Share on ThriftyFunThis guide contains the following solutions. Have something to add? Please share your solution!
These are great gifts and certainly lift your spirit with the clove/orange aroma. When dried, these can be hung or kept in closet/drawer for an amazing fragrance. Cost of 10 pomanders is about $10.00 (bag of oranges: $4-$5, Cloves: $3-$4, Orris root: $2)
These are sure to be appreciated and they smell good for a long time. Enjoy!
By Starchild in VT
Ask a QuestionHere are the questions asked by community members. Read on to see the answers provided by the ThriftyFun community or ask a new question.
Every year for Christmas I try to make old fashioned pomander balls: stud citrus fruits with cloves, roll in cinnamon, then put in a cool dark place for several weeks. But this climate is so hot and humid they always mold before the process is complete. I've tried putting them in a very low heat oven but they scorch and smell awful. Anyone have a solution?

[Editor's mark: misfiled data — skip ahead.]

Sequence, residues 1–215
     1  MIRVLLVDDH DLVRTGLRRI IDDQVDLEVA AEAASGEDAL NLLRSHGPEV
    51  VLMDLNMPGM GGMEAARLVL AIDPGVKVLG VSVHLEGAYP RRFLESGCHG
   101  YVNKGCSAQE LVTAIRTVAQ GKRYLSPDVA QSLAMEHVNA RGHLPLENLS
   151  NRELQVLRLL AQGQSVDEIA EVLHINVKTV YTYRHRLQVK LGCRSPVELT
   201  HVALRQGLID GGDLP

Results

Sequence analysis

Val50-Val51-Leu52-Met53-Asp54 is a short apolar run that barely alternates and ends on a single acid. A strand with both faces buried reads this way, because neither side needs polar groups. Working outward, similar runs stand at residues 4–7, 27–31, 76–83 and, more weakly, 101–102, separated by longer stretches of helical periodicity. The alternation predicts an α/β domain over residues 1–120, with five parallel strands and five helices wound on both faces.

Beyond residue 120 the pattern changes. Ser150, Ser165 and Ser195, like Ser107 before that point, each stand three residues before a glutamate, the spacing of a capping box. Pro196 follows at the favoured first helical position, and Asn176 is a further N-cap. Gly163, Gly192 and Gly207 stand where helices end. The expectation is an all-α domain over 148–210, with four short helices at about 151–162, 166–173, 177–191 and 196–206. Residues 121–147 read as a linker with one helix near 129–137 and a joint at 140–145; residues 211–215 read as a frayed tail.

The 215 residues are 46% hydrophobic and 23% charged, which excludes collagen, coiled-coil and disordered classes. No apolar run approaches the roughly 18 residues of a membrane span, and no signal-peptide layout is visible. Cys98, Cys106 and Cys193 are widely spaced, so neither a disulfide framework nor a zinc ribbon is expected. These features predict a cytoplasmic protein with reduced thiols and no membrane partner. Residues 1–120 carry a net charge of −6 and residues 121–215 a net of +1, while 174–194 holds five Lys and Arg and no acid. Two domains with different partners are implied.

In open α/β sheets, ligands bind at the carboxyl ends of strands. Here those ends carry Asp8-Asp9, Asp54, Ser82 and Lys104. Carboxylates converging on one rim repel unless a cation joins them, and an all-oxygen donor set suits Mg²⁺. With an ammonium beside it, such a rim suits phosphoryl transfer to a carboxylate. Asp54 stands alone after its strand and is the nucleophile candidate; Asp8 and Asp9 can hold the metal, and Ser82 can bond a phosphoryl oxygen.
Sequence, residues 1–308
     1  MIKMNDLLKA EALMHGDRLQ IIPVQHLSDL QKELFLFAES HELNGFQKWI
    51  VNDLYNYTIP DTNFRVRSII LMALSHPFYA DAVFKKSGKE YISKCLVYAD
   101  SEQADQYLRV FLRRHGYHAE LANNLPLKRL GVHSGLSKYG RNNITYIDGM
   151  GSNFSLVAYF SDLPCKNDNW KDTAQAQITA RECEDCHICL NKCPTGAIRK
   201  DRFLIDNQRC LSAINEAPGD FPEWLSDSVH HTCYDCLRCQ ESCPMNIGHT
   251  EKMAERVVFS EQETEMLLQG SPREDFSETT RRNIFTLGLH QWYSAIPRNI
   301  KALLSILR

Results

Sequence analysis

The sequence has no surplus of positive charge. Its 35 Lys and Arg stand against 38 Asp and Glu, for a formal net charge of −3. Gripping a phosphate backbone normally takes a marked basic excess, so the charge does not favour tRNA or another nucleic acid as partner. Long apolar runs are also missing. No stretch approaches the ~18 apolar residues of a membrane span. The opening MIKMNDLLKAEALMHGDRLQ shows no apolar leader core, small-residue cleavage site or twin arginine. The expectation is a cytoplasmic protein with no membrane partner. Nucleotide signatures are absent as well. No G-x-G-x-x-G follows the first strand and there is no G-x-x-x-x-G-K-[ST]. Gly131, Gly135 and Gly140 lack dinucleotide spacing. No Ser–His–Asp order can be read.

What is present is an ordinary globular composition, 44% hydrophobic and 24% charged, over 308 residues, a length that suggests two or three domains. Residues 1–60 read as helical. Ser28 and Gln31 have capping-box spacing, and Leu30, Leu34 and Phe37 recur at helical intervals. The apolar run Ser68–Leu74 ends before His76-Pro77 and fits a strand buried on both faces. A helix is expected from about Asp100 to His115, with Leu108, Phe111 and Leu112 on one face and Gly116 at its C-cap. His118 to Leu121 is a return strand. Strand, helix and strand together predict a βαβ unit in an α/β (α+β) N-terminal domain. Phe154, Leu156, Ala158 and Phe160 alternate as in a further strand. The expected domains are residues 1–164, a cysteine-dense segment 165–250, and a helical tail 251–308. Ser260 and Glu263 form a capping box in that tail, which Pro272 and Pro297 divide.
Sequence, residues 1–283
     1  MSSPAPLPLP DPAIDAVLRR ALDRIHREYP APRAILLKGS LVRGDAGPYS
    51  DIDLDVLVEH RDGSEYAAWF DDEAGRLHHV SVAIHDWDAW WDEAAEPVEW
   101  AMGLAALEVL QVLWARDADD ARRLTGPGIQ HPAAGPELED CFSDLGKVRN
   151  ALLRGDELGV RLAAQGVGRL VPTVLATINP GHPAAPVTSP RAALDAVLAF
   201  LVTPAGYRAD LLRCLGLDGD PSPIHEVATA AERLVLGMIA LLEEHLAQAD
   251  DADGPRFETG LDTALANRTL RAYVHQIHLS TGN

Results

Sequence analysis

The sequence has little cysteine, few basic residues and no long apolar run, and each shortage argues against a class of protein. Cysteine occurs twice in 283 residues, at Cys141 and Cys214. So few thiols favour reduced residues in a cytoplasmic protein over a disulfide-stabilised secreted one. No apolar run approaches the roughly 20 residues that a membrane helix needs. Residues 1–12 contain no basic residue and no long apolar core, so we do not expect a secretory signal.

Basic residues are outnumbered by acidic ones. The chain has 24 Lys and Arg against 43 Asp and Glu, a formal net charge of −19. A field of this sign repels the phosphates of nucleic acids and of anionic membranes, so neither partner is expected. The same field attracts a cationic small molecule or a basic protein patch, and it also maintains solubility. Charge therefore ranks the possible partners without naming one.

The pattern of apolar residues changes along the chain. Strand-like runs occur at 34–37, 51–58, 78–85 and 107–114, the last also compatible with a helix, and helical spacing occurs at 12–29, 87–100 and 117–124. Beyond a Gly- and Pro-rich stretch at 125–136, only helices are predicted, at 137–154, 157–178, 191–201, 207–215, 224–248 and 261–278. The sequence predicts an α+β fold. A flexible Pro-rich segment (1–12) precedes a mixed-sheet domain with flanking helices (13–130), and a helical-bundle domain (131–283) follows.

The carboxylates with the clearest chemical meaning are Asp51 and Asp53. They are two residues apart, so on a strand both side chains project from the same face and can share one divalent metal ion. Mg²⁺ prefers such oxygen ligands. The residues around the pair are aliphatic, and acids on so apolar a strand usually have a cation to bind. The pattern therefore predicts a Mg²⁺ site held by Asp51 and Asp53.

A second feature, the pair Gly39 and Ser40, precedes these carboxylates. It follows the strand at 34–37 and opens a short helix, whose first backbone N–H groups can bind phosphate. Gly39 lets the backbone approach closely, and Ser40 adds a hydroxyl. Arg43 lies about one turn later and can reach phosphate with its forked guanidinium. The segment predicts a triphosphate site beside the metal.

How about if you re-think the process. The item that molds is the orange - so discard it and replace with a styrofoam ball. Cover the styrofoam with something that will permit cloves to penetrate (or pre-make the holes with a straight pin) and secure with a dab of special glue.
For the scent, go to a store (like Ulta or a health food store) and check out their aromatherapy essential oil selection. Right before you present the gift, mist it with the scent. Or soak the scent into the styrofoam (unless it crunbles the foam - must investigate).
The alternative is to buy at great expense some potpourri dried fruit and stick the cloves into these - but this is probably going to cost more $$$ than it's worth.
How about a small crocheted doily wrapped around a styrofoam ball, the ball being first covered in red Saran Wrap. Then do the scenting and give.
Maybe use a food dehydrator?
Try using your micro wave. I have done it and it does work. I microwave the pomeranda in 20 second intervals that way you can control how dy it gets and it doesnot scorch.
Maybe putting them in a food dehydrator on the lowest temperature would work. I live in southern California where the climate is dry and relatively warm year round, So I haven't tried this myself.
We used to use silica to dry them out, like you use to dry out flowers. We'd get it at craft stores, they even have food grade. Anything very dried out won't look as pretty. Also try covering the whole orange with cloves till it dries then remove some the cloves preserve it.